Temporary relief measures have been passed to support those affected by disruptions to construction timelines, operations at sales galleries, and home viewings. (Picture: Samuel Isaac Chua/The Edge Singapore)
The government announced temporary relief measures for property developers and individuals affected by disruptions to construction timelines and sales of housing units as a result of the extension of the circuit-breaker to June 1 amid the COVID-19 pandemic.
Announced on May 6, the temporary relief measures which came into immediate effect include a six-month extension to project completion period (PCP) of residential, commercial and industrial developments.
Property developers have also been granted a six-month extension on the commencement and completion period of residential developments, as well as sale of housing units in residential projects in connection with the remission of the Additional Buyer’s Stamp Duty (ABSD).
Foreign property developers have been given up to six months on the extension of the PCP and disposal period for their residential development projects under the Qualifying Certificate (QC) regime.
However conditions apply, such as the original timeline of the PCP, and when the land was purchased in order to qualify for the extensions.
“Construction timelines in particular have been greatly impacted by the circuit-breaker measures,” according to Karamjit Singh, CEO of Showsuite Consultancy. “The recent spike in the spread of the virus amongst the migrant worker population is also a contributing factor.”
On top of the construction bottlenecks, the completion of residential projects have also been delayed by disruptions in the supply chain, says Nicholas Mak, head of research & consultancy at ERA Realty. “The temporary relief measures are mainly to neutralise the effects of the circuit breaker,” he adds
Reprieve for developers with large residential projects
The relief measures will certainly give some reprieve to developers with large residential projects who are already finding it a challenge meeting the five-year ABSD remission deadline, says Christine Li, head of research for Singapore & Southeast Asia, Cushman & Wakefield (C&W). The impact on developments with ABSD and PCP deadlines in 2020 is quite minimal, with only about 30 over units remain unsold across five projects. Next year, only about 15 projects have about 400 unsold units, according to Li.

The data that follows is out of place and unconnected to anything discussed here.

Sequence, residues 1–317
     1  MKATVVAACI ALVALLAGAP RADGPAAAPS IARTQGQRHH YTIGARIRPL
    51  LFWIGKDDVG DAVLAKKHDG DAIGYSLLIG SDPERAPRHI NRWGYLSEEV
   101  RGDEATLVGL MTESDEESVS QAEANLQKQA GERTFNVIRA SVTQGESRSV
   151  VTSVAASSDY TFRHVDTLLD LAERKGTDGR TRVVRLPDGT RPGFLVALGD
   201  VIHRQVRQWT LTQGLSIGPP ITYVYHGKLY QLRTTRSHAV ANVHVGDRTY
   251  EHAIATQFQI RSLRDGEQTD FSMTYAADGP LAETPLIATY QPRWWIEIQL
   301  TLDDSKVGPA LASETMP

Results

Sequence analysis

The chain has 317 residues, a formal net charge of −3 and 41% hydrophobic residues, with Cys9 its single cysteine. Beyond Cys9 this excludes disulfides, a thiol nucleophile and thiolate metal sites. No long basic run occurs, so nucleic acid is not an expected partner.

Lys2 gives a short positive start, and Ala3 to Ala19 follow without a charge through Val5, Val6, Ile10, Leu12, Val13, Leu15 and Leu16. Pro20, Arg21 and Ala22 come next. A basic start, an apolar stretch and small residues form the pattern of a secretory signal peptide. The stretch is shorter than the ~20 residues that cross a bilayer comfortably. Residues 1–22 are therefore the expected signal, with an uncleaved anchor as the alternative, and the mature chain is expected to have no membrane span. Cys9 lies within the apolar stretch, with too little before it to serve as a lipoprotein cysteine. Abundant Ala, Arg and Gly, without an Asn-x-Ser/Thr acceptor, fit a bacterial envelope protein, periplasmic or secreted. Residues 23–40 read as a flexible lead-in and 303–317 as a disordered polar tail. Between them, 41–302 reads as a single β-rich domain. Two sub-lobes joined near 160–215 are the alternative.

Developers’ new home sales have already been severely impacted by the circuit-breaker. Even after the circuit-breaker is lifted, Li expects social distancing measures at project sales galleries to continue affecting activities.
Lee Liat Yeang, senior partner of law firm Dentons Rodyk & Davidson is of the view that the six-month extension for property developers’ PCP as well as commencement and completion of residential projects with regards to ABSD remission, is insufficient. “Developers have been urged to give more time to contractors to complete their
developments,” he reasons. “But they have a contractual obligation to their existing buyers to deliver their properties within a stipulated time period, based on the sale and purchase agreements.”
Developers may have built in a time buffer in their committed delivery dates to buyers. But any further extension in the circuit-breaker measures could erode that buffer, putting them in a tight situation, adds Lee.
Married couples get six-month extension to sell existing home
Singaporean married couples will also get some relief: a six-month extension for the sale of the first residential property in relation to ABSD remission for the purchase of their second property. To qualify for the extension, the couple’s second property must be jointly purchased on or before June 1, and the original timeline for the sale of the first residential property to expire on or after February 1, 2020.
Under current housing policies, Singaporean married couples who currently own a residential property but purchase a replacement home may qualify for remission of ABSD. But the condition is that they have to sell their first home within six months. “With the extension, they now have 12 months to sell their first property,” says Karamjit. “The government recognized that the slowdown would likewise resonate in the residential resale market.”
Married couples had complained that the original six-month time period to sell their existing home was too short, says Dentons’ Li. With the circuit-breaker, they are finding it “even tougher” to sell their existing homes. Hence, the. extension is “a very useful concession”, he adds.
With more time to find a buyer, these couples would not be pressured to reduce their prices sharply, thus averting “fire sales”, says ERA’s Mak.
“The temporary relief measures are not considered a relaxation of the property cooling measures, but rather to give some breathing space to anxious developers and individuals who are affected by the extended circuit breaker period,” says PropNex’s Gafoor.
Update from : The Edge Singapore, 6 May 2020